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Apr. 4—Parke Heritage did plenty of things they needed to do to beat heavily favored Fort Wayne Blackhawk for the Class 2A boys high school basketball championship Saturday afternoon in Bankers Life Fieldhouse, but the Wolves neglected one very important aspect.

They didn’t, or couldn’t, make shots.

Shooting just 28% from the field, and worse than that in the critical early portion of the game, the Wolves led the Braves and 6-foot-10 all-stater Caleb Furst on just one occasion and lost 55-40 to wrap up a 27-4 season.

Blackhawk, the Class A state champion in 2019, was ranked first in the state in Class 2A the entire season and fifth in the single-class coaches poll behind four Class 4A teams. The Braves had already beaten three of the other teams playing in Indianapolis on Saturday — Class A champion Barr-Reeve and both Class 3A participants, Leo (by 32 points) and Silver Creek. So the Braves had earned their favorite’s status.

But on Saturday, Parke Heritage played the game at its own speed, didn’t turn the ball over (just four for the game), got Furst in foul trouble early in the second quarter, and would have been in great shape had the ball gone in for the Wolves.

“They’re a great team. There’s a reason they’ve won so many games,” coach Rich Schelsky of the Wolves said of the Braves after Saturday’s game. “But we had the game where we wanted to have the game at halftime.”

Blackhawk took the lead on the first possession of the game when Zane Burke hit a 3-pointer. Noble Johnson got a rebound basket for Parke Heritage to get the Wolves on the board and, despite missing one wide-open layup while breaking the Blackhawk press, they took the lead at 5-4 on a basket by Riley Ferguson with 3:10 left in the first quarter.

By the end of that period, however, Blackhawk had taken an 11-5 lead. Parke Heritage made just two field goals, but had three swatted away by Furst, on his way to a Class 2A record of six blocked shots.

“[The Braves] guarded us better than a lot of other teams have,” Schelsky said later. “We missed some open shots, but we had some shots at the rim that [Furst] altered.”

Although Furst left the game with his second foul in the first three minutes of the second quarter, his teammates picked up the slack. Jake Boyer, Blackhawk’s fifth-leading scorer, had exceeded his scoring average with 12 points by halftime and Burke had scored 10, and Blackhawk took an 18-6 lead. Then, for about 10 minutes, the Wolves took over.

A 9-3 run, with Connor Davis getting a basket and four free throws and Ferguson sinking a 3-pointer, cut the Blackhawk lead to 21-15. The Braves hit a 3-pointer to go up by nine, but Davis got four more points and it was a 24-19 game late in the second quarter before Blackhawk’s Marcus Davidson hit a 3-pointer six seconds before halftime.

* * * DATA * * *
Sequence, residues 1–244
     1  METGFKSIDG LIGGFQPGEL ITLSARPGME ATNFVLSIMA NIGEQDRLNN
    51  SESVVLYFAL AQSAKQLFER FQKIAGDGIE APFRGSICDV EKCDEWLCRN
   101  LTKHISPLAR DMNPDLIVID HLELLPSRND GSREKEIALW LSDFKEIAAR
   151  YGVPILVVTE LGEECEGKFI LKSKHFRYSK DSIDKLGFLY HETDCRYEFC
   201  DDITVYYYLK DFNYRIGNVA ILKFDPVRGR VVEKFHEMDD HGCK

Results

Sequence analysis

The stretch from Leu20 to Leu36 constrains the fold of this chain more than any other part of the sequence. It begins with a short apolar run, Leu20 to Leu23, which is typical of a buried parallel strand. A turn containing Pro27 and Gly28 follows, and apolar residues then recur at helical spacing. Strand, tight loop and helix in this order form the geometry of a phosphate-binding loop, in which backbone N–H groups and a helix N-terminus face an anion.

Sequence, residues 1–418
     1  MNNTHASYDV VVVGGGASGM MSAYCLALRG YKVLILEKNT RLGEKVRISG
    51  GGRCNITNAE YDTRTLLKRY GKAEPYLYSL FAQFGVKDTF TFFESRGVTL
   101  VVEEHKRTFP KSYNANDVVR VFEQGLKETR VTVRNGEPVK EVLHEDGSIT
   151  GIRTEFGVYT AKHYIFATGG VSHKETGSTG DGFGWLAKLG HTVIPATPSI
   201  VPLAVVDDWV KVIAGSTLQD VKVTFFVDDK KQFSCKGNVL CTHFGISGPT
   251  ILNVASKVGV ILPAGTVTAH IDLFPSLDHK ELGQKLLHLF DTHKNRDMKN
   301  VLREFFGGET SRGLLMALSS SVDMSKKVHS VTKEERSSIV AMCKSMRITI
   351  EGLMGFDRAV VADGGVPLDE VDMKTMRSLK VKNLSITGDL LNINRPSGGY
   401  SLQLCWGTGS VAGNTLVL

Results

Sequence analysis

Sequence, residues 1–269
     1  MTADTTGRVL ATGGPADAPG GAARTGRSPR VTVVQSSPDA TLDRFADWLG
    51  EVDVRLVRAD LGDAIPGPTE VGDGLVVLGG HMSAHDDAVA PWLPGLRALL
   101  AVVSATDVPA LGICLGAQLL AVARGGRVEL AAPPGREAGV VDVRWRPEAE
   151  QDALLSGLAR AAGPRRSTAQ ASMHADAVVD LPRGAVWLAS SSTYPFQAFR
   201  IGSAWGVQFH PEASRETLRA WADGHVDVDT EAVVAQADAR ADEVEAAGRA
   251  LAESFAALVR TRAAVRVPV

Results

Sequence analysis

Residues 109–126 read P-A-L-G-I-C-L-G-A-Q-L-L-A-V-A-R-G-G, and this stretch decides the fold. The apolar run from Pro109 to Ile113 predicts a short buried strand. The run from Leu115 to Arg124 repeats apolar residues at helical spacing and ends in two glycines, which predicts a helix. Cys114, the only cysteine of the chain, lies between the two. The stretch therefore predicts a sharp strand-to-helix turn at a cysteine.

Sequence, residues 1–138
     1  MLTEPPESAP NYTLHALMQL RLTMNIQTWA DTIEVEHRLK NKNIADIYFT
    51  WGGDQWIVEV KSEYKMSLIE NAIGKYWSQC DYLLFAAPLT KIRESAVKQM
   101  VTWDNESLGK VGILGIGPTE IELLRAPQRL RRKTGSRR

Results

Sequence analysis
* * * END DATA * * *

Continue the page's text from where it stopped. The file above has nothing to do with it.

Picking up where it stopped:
“That 3 before halftime was a big shot for them,” Schelsky said later, but his team wasn’t finished. After falling behind 29-20, 31-22 and 33-25, Parke Heritage got three beautiful inside baskets — Christian Johnson on an assist from Ferguson and Davis on feeds from Ferguson and Noble Johnson — and was within 35-31 with 2:22 left in the third quarter.

But Furst had stopped fouling and his teammates were going to him every time down the court. He had 10 points and six rebounds in the third quarter alone, and he finished that period with back-to-back baskets, then nailed a 3-pointer to open the fourth quarter for a 42-31 lead.

“I thought we did a really good job on Furst overall,” Schelsky said after the game. “Except for one dunk that he got when we couldn’t get a defensive rebound, I didn’t feel he got any cheap baskets. But you have to play him straight up because he’s such a willing passer and his team has so many other weapons.”

“I was happy to see what I could do against somebody that good,” said Davis, who had the assignment of guarding Furst, “but he’s really strong, and he was able to push me away.”

Parke Heritage never got closer than nine points after Furst’s 3-pointer. It was still a 10-point game at 48-38, but Furst got a three-point play to start the clinching 7-0 run for the Braves.

“Parke Heritage is a good team and a very physical team defensively,” said coach Marc Davidson of the Braves after the game. “It took us a little while to get into rhythm, and then obviously Caleb took over in the third quarter.”

“[Furst is] gonna have a great collegiate career [at Purdue],” said Schelsky, who said fatigue by the Wolves played a part as the game got away late. “If you’re gonna get beat, you might as well get beat by the best.”

Schelsky added that he doesn’t believe in moral victories, but also said, “There is a place in history for the second-place teams.”

The Wolves, 50-7 the past two seasons [and still alive when the 2020 tournament was canceled] “have been some of the building blocks of our community,” the coach added. “[The Wolves have] become Parke County legends, some of the founding fathers of our [three-year-old] school. Our school culture has been really good, and they’re a big reason . . . and at the end of the day, that’s bigger than a basketball game.”

“I’m proud of our team and the way they fought out there,” Ferguson said.

“I wish we could have won,” added Davis, who had 19 points and a game-high nine rebounds. “It’s been an amazing three years of my life, and [future Wolves] will continue that, hopefully.”